Does new opera raise the bar for performers?Editorial
When I say the words, “new opera,” what comes to mind? Atonality? Complicated rhythms? Progressive and unexpected stories? Extended vocal techniques?
I hear you, and I’ll not say you’re wrong. The problem comes when the above arguments are used as armour against performing a new opera, or against putting in the time to find the real stuff of a fresh piece. Simply put, new opera and its stereotypical difficults do nothing but raise the bar for opera, and its performers.
In the obvious sense, singers have to work harder at learning new opera. There are no previous recordings (let along a definitive one), and the tunes certainly ain’t Mozart. Singers have to count more, and find new ways of finding their pitches. Difficult as it may be, there’s something about new opera that’s similar to riding a bike; once you’ve got it, you’ve really got it.
New opera also means new ways of performing traditional opera. Compact, intimate opera companies use smaller venues with and audience that’s close to the performers. It’s a huge part of opera’s forward evolution, to place opera singers mere feet away from listeners; I’ve argued before that watching big-budget opera from far away in a huge opera house often can’t match the accessibility and relevance of other media. If you want grand, watch Game of Thrones, or go catch a full-scale production of Les misérables. What can’t be replaced by HBO, etc., is the power of a live, acoustic voice, and the awe that listeners experience when hearing it up close. Intimate opera is a powerful tool in these days of waning interest, but it demands from the singers strong acting skills and extreme comfort onstage.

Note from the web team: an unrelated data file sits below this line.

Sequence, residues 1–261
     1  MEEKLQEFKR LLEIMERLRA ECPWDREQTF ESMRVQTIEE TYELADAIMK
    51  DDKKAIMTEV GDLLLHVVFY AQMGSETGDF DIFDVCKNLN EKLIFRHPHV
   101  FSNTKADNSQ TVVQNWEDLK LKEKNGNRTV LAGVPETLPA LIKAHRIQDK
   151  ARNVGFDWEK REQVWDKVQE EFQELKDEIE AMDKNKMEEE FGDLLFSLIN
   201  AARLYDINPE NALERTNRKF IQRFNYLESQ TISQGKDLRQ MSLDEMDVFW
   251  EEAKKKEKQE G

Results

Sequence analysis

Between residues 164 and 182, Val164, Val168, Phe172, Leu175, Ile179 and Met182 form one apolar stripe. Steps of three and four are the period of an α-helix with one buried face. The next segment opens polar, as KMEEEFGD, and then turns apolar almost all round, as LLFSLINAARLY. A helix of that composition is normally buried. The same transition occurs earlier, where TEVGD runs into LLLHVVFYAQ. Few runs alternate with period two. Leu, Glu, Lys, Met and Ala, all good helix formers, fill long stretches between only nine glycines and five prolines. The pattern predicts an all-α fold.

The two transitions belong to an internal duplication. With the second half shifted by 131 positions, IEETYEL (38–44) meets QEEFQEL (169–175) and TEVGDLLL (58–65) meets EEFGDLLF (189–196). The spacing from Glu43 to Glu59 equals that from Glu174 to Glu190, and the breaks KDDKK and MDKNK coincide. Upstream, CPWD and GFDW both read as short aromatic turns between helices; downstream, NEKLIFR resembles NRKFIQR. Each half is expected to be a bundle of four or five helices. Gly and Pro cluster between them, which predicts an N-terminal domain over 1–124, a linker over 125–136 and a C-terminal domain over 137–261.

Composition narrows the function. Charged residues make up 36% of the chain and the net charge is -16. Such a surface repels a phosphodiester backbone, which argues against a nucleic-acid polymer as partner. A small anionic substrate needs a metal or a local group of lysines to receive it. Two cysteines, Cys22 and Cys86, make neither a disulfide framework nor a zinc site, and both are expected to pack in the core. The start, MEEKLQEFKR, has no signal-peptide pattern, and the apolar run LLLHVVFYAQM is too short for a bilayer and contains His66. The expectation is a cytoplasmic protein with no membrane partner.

Writing chamber operas, creating controversial characters, writing evocative, rhythmically obscure music; these are all devices used by composer and librettists today that ensure opera stays relevant. Simply put, Lucia di Lammermoor may be easier to learn, but there’s no gain at the end of it all if the audience can’t identify with Lucia. So, if you’re going to do the enormous amount of work it takes to learn any operatic role, doesn’t it make sense to direct that work towards an opera that will a) squash stereotypes of parking and barking in a foreign language, and b) reach a contemporary audience?
What I’m trying to say is not that we should throw out bel canto and Mozart, but that the challenges of new opera are worth taking on. They’re worth it for gaining and keeping new audiences, and they’re worth it for the personal development of your craft. The bar certainly is raised these days; as much as we all love listening to Pavarotti and Kiri te Kanewa, singers today have broader training available to them, and they’re capable of being truly versatile artists who can sing, act, move well onstage, and do it all while counting in 5⁄8. In a competitive industry, I’m fine with the concept of promoting singers who have acting skills and can learn music fast enough to fit into the woefully short rehearsal time many companies are afforded. Survival of the fittest, I say, and new opera is a beautiful and direct route to honing those skills.
Finally, I’ll cede that not every new opera is a great one. I’ll skip the argument about why this is not a problem (people seem to think that the great Verdi and Puccini operas were the only ones being written in those years, and the 19th century was nothing but hits). I think it’s incredibly valuable for singers to give feedback to composers and librettists about what’s good vocal writing, what words are good to sing, etc. The catch is, your feedback isn’t worth much until you’ve really tried.
So, dig away a little longer at those weird-sounding, I’ll-never-learn-these-notes operas. There’s something in all of them; at the very least, there’s the germ of a fantastic idea. To today’s opera creators, we owe second glances and educated questions, because that’s how we ended up with Rigoletto and Le nozze di Figaro.